I used to rest between warm up sets. I always felt a little fatigued, even from them. Then I just scrapped any rest, due to the longer and longer workouts. I just run a warmup set, load the next weight and lift it immediately. Then I rest the same amount before my work set as I do between work sets. This usually dissipates any fatigue that I may have gotten from the warmups. I tend to include my last warmup at or 5-10% above my work set weight too. I do 5 & 3 reps for the first and second warmup sets, then singles after that.

            This method took about 2-4 weeks to get used to. But I feel like I have a much better work capacity due to this. I don’t feel as tired when coming up on each successive work set. I think it all comes down to building up some additional work capacity.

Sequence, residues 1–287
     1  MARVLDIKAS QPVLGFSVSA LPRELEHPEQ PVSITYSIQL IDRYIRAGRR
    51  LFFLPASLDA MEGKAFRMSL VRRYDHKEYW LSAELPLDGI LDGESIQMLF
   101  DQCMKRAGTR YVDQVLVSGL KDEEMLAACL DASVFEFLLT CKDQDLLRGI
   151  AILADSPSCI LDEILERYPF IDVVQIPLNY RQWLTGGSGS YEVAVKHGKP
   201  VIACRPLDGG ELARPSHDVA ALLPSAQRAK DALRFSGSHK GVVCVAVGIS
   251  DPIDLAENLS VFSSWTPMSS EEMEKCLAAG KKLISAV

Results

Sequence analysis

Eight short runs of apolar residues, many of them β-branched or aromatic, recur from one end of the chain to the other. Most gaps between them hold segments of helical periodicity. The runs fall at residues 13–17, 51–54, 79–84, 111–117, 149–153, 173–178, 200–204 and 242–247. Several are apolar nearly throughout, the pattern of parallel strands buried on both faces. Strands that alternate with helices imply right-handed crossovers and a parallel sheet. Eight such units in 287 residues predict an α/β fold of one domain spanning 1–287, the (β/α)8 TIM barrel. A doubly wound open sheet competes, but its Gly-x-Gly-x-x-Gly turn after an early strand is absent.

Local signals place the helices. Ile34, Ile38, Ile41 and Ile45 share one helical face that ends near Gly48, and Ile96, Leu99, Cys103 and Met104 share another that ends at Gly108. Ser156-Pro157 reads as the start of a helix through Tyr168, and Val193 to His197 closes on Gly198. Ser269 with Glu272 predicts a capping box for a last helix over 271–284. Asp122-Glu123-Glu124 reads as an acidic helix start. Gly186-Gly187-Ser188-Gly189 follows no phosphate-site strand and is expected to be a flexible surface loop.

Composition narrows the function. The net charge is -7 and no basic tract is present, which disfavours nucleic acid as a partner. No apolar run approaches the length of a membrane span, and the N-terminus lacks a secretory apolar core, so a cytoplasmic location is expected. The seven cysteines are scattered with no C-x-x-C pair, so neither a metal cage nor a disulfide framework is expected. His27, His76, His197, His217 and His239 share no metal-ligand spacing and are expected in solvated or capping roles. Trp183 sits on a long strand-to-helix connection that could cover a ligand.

Comment


            • #7
              Warmup recommendations are all over the place, even among well-respected coaches. I recently watched one of Mike T.'s coaching call videos about warm-ups, and the volume he suggests for warmups is really low. I've tried it a few times and I like how it doesn't really introduce a lot of pre-workset fatigue, but I've also noticed how it doesn't really get me prepared for heavy weights on some days. I think for me, I just need more warmups some days so I have to go by feel a bit if things are feeling stiff and tight. I feel like personally I need to address this early in the warmups with lower weights, rather than later in the warmups when weights have already started getting heavier. For example, doing lots (5x5) of empty bar squats seems to really let me loosen up on cold mornings.